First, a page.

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Kingdom Smashes SEA Games Medal Record, Nike Backs Union Leaders, Runner Wins Hearts in the Rain
Good morning, Cambodia. It's Friday, May 12, and this is your Weekly Dispatch.
STAR TREK: Cambodia’s gutsy competitor in the women’s 5,000 meters finished dead last, alone in the rain. Hun Sen rewarded her grit with $10,000 — and the Kingdom crowned a new heroine.
PAPER CUT: Election officials are scrutinizing the Candlelight Party’s registration, threatening to keep them out of the July poll. Officials have already barred Rong Chhun, the Candlelighter’s firebrand vice president, from running for prime minister.
SPY CAM: The U.S. case against a former government official charged with wildlife trafficking appears to be airtight. An undercover informant caught the suspect on video all but confessing to monkey smuggling.
Cambodia is killing it at the Southeast Asian Games.
The Kingdom smashed a 52-year-old record of 17 golds in just two days. It topped the medals table over the first week and as of Friday morning had won an astounding 56 gold, 44 silver and 55 bronze medals — with many unexpected victories in marquee events like cricket and basketball.
Chalk up the success to a perfect storm of factors: fiercely determined athletes, favorable scheduling, a smidgeon of imported talent and an undeniable home-field advantage.
The country easily crushed early predictions of 100 medals. How high can it go with five days left? The nation is watching.
The SEA Games Federation added Kun Khmer and Kun Lbokator to its official charter, marking a cultural victory for the Kingdom. The recognition means the two sports are eligible for inclusion in future games.
Bokator, as Kun Lbokator is colloquially known, nearly disappeared under French colonialism and the Khmer Rouge. The martial art was resurrected in the early 2000s by a former refugee who immigrated to the U.S. and returned.
Bokotor events finished Monday and Cambodia cleaned house: 8 gold, 7 silver and 3 bronze medals. The next hurdle is the 2025 SEA Games, when host Thailand may have a different take.
The National Election Committee barred Rong Chhun, the Candlelight Party vice president, from running for prime minister, citing his 2021 conviction for incitement. Chan Cheng, the party’s second-place contestant, will run in his place.
Twenty parties have registered for the July 23 national polls. The NEC has yet to approve applications from eight, including the Candlelighters. The vote’s outcome is mostly viewed as preordained, with the ruling CPP expected to win in a blowout.
Western nations have threatened sanctions if the poll does not include all parties. The NEC said a decision would be announced next week.
Bou Samnang, one of two Cambodian runners in the women’s 5,000 meters, won international acclaim for her never-say-die, last place finish. She completed the race in a heavy downpour, alone on the track, nearly 6 minutes behind the winner. Her determination impressed Hun Sen himself, who awarded her $10,000. Time Magazine called her a “global inspiration.”
U.S. prosecutors believe they have a slam-dunk case against a former environmental chief arrested last year in New York on wildlife smuggling charges. Their evidence includes hidden camera footage of Kry Masphal telling workers at a breeding facility to build a private entrance road, because it would be “more safe for your smuggling.” He faces 145 years in prison.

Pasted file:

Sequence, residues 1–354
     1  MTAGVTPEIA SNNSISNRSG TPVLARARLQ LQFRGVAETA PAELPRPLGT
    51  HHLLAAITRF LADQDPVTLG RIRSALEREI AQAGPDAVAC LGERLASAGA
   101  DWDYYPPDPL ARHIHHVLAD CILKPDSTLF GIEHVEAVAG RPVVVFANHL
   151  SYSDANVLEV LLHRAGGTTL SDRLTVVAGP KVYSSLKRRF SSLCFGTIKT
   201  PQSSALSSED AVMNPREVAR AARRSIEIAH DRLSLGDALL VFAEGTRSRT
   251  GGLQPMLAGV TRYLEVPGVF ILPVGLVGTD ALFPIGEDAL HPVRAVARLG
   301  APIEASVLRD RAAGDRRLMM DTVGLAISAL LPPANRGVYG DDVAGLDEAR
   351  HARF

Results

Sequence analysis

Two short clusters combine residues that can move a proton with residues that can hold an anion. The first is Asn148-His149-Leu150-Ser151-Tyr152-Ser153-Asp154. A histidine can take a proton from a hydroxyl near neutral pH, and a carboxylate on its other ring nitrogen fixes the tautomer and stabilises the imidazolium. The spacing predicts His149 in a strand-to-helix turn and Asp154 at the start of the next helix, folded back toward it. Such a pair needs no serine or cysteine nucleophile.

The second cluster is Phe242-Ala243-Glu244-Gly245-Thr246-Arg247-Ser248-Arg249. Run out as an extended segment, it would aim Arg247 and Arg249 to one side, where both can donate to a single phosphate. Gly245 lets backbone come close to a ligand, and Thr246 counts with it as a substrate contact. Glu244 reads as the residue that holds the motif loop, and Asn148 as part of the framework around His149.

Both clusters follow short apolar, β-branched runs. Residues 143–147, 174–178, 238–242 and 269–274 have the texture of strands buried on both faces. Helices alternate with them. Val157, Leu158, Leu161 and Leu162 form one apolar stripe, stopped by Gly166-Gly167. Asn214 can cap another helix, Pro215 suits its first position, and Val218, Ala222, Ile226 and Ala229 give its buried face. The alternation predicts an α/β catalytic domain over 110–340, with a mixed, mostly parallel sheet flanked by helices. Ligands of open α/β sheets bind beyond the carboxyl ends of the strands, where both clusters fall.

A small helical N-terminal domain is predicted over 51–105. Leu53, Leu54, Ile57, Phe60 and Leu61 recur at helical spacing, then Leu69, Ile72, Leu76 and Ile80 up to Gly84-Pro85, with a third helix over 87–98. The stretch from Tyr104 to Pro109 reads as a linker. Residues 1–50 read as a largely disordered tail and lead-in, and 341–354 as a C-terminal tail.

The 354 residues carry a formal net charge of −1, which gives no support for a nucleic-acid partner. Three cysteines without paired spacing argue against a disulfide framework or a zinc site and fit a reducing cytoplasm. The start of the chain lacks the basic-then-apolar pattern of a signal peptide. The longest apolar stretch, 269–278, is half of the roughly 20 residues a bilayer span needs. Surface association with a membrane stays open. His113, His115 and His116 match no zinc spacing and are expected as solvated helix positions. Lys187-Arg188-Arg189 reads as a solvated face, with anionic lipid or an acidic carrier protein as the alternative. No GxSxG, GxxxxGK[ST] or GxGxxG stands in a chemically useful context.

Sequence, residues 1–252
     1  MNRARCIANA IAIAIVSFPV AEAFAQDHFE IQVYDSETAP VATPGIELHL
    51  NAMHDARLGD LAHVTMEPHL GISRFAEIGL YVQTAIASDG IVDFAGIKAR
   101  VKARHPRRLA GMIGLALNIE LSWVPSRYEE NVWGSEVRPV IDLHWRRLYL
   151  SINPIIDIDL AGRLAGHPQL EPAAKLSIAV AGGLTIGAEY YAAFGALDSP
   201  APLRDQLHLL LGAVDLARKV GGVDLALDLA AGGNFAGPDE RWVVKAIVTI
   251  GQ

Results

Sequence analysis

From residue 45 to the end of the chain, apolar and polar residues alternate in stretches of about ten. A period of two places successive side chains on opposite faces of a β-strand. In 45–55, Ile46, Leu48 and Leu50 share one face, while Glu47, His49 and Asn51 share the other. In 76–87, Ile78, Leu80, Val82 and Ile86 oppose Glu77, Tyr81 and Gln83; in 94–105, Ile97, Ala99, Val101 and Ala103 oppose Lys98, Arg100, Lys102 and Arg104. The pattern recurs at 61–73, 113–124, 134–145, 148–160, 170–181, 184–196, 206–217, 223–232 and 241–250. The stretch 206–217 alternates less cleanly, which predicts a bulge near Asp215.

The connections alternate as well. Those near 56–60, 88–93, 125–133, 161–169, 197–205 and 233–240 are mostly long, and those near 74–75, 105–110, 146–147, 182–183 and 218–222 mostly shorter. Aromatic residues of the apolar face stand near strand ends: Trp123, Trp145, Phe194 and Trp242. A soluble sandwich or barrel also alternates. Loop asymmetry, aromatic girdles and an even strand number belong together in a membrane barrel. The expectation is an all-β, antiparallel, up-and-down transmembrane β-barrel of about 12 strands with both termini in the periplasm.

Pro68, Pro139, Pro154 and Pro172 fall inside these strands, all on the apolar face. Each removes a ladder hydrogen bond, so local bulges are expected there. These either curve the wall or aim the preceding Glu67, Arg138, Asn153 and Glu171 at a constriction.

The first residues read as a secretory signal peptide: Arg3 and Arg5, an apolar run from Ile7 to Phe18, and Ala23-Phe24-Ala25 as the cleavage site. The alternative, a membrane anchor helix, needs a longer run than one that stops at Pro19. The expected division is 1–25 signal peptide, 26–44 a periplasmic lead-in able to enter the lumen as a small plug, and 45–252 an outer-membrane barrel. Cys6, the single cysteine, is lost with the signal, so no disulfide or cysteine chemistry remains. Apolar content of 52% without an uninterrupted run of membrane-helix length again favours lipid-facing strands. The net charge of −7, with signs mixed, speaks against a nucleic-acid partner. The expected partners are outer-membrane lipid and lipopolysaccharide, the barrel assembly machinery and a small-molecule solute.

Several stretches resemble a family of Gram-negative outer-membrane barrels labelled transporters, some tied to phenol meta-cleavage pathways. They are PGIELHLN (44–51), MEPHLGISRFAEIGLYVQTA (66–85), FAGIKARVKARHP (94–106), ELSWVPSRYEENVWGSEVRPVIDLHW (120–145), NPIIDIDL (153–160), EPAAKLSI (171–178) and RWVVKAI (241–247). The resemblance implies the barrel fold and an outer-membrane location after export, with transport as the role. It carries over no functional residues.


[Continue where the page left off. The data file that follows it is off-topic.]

Human rights groups accused the government of ignoring the mistreatment of Cambodian migrant workers by Thai authorities. Photos on social media showed Cambodians chained together and detained in overcrowded spaces. Labor advocates decried the treatment as abuse — and possibly torture.
Under pressure from Nike, the global sportswear powerhouse, a Phnom Penh garment factory rehired eight union leaders. The about-face marks a rare instance of a major brand intervening in a local labor dispute — and sets a precedent union brass hope to repeat. Activists had accused the factory of illegally dismissing unionized workers.
The SEA Games are giving the domestic economy a much needed boost. Flights are packed, cafes are bustling, hotel occupancy rates in Phnom Penh are back at pre-Covid levels and local merchants are cashing in.
Blistering temperatures and persistent drought are putting the squeeze on Cambodia’s rice farmers. Many have delayed planting as they hold out for overdue monsoon rains, leading to a delay in harvest — and profits.
Not everyone is loving Cambodia’s gold-medal glory. News agencies in the Philippines and Malaysian have kicked up a stink over the Kingdom’s high number of naturalized athletes — as the underdog home teams have knocked off champions in basketball, billiards, cricket and the triathlon.
BACKPAGES: From The Cambodia Daily Vault
May 10, 2003
He arrives an hour late for the interview. That’s probably not unusual for an actor who has just debuted in an $25-plus million Hollywood production, written and directed by cinema heavyweight Matt Dillon.
May 8, 2003
The judges who may one day sit on a panel prosecuting the Khmer Rouge will first need to survive to that day: One of the likely candidates was assassinated last month and another had a bullet fired into his office Monday night by unknown assailants.
May 8, 2003
Given Cambodia’s reputation for lawlessness and the perceived availability of firearms here, it’s no surprise that international arms dealers would think this a good place to do business. So thought Mick Ranger, a British arms broker who trades weapons between some of the world’s most violent, war-torn nations.
Photo: Margot Morakot Garabedian, AKP.
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